3.2.2. Tree Construction and Relay Node Selection
After getting the neighbor list, each node has the neighbor information such as and the willingness to become the relay node. The tree construction and relay node selection phase are initiated by using the neighbor information. As depicted in Algorithm 2, the initiator node starts the tree construction by broadcasting the T_MSG control packet. The node receives the following packets during the tree construction and relay node selection phase.
T_MSG. In the process of tree construction, T_MSG control packet is used. The format of the packet is T_MSG,. Here, is the sender node id and is its parent node id. Any node that receives the T_MSG packet performs the following operations.(i)If the sender’s parent node id is the same as the receiver node id, then, it includes the sender in the children list and includes the receiver in the relay node list .(ii)If it has not selected any parent and sender belongs to the list of relay node , then, it selects sender node as its parent.(iii)If is false, then, it broadcasts T_MSG packet with modified parameter to the network.T_ERR. Timeout occurs to the node when the time duration expires for the tree construction phase. Any node checks for its parent node; if it does not exist, then node broadcasts an error message T_ERR to its neighbor nodes. The receiver node performs the following operation. (i)It initiates tree construction by broadcasting T_MSG if it belongs to the tree; otherwise, it drops the packet. In this way, the rest of the nodes that do not belong to the tree will get the opportunity to connect with the tree.
3.2.3. Data Dissemination
Data can be generated by the nonrelay nodes or relay nodes. The responsibility of relay node is to forward the data to the next relay node. Any node can sense the data from the environment and send it to the next relay node. Node receives the following packet during the data dissemination phase from node as shown in Algorithm 3.
DATA. Each node in the network senses the environment, generates the data, and sends it towards the next relay node with the format DATA,. Here, is the of sender node and is the data sequence number of the node. Any node that receives the DATA packet performs the following actions.(i)If receiver node is a relay node and it receives the duplicate data, then it drops the data packet.(ii)If receiver node is a gateway node, then it forwards the data packet to the sink; otherwise, it forwards the DATA packet to its next relay node.(iii)It adds the sender and data sequence number to the list .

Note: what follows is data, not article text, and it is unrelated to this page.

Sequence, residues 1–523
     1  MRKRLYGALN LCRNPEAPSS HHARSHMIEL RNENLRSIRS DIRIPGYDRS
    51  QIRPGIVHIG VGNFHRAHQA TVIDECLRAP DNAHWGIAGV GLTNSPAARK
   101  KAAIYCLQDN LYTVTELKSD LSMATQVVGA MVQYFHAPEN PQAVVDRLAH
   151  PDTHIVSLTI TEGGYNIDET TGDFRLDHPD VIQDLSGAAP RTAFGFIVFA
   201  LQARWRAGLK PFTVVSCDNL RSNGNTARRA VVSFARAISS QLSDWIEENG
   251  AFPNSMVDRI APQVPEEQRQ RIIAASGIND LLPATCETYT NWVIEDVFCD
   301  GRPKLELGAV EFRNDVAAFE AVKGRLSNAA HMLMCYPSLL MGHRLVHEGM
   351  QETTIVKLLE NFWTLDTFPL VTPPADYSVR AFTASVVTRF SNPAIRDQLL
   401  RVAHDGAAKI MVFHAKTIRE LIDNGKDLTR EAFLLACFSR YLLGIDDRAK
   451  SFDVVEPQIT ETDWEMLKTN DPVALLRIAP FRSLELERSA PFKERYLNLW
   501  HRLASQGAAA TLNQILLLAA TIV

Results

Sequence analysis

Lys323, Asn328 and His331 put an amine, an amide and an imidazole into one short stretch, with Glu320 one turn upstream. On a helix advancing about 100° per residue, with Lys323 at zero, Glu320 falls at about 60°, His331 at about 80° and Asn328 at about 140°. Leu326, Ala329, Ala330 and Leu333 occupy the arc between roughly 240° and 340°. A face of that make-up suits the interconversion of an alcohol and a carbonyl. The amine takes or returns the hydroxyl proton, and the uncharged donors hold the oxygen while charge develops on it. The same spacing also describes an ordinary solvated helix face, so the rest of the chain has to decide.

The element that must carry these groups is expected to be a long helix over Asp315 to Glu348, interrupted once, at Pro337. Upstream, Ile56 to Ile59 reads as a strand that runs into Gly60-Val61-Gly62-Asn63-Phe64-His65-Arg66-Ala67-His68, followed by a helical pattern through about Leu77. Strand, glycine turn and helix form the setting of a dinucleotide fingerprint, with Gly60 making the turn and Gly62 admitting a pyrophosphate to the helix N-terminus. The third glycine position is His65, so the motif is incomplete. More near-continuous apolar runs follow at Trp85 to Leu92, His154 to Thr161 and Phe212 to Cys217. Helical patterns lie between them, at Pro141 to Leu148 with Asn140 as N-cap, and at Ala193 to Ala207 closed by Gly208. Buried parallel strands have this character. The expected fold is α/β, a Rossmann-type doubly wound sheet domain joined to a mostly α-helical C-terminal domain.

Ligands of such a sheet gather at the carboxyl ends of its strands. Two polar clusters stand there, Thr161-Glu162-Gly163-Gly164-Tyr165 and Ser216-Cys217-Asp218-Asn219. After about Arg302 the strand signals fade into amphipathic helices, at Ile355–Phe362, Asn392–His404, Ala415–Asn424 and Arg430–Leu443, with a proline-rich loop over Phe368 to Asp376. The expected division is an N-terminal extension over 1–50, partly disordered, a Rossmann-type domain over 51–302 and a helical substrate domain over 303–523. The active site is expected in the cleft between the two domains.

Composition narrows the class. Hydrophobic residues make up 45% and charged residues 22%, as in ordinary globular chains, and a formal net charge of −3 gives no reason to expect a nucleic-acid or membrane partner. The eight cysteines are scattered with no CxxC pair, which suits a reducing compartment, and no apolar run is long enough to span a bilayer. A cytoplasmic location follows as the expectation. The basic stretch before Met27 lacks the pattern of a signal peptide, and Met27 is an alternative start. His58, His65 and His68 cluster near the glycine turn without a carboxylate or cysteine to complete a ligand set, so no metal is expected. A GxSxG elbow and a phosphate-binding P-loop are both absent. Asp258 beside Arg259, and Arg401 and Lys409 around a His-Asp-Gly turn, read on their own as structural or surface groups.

4. Simulation Model
4.1. Experimental Setup and Simulator
The simulation is performed using the network simulator NS-2 version 2.34. In NS-2, we concentrated in the network layer more specifically on routing protocol. Our aim is to simulate the proposed protocol (TEDD) and the existing protocols such as SUPPLE , SN-MPR , and ART  to examine the energy consumption, end-to-end delay, and throughput of the network. In the simulation, we use the specification of MICAz , a popular sensor mote, to make the simulation support to the real hardware parameters of the sensor networks. The MICAz mote transceiver power range is from dbm to dbm and outdoor communication range is from m to m. Our simulation follows the power consumption model of the MICAz motes that require about mJ for transmitting, about mJ for receiving, and about mJ in idle mode. The transceiver in the simulation has an m radio range at GHz frequency, which is the case with the radio transceiver of a MICAz mote. The initial energy of each sensor node is J at the time of deployment. For fair comparison between the proposed protocol and the existing protocol, we set simulation parameters equivalent to SUPPLE , SN-MPR , and ART . The simulation runs with up to sensor nodes with energy constraint and a mobile sink with no constraint. The nodes are randomly deployed in the area. The simulation also includes IEEE 802.11 as the underlying MAC protocol. The sensor node’s energy model and sink mobility model are discussed in Sections 4.2 and 4.3. In NS-2, we use omnidirectional antenna and two-ray ground model for radio propagation. Each sensor node senses the environment and generates data of bytes at each interval (here, sec), and the size of the control packet is bytes. We performed extensive simulations up to the duration of seconds.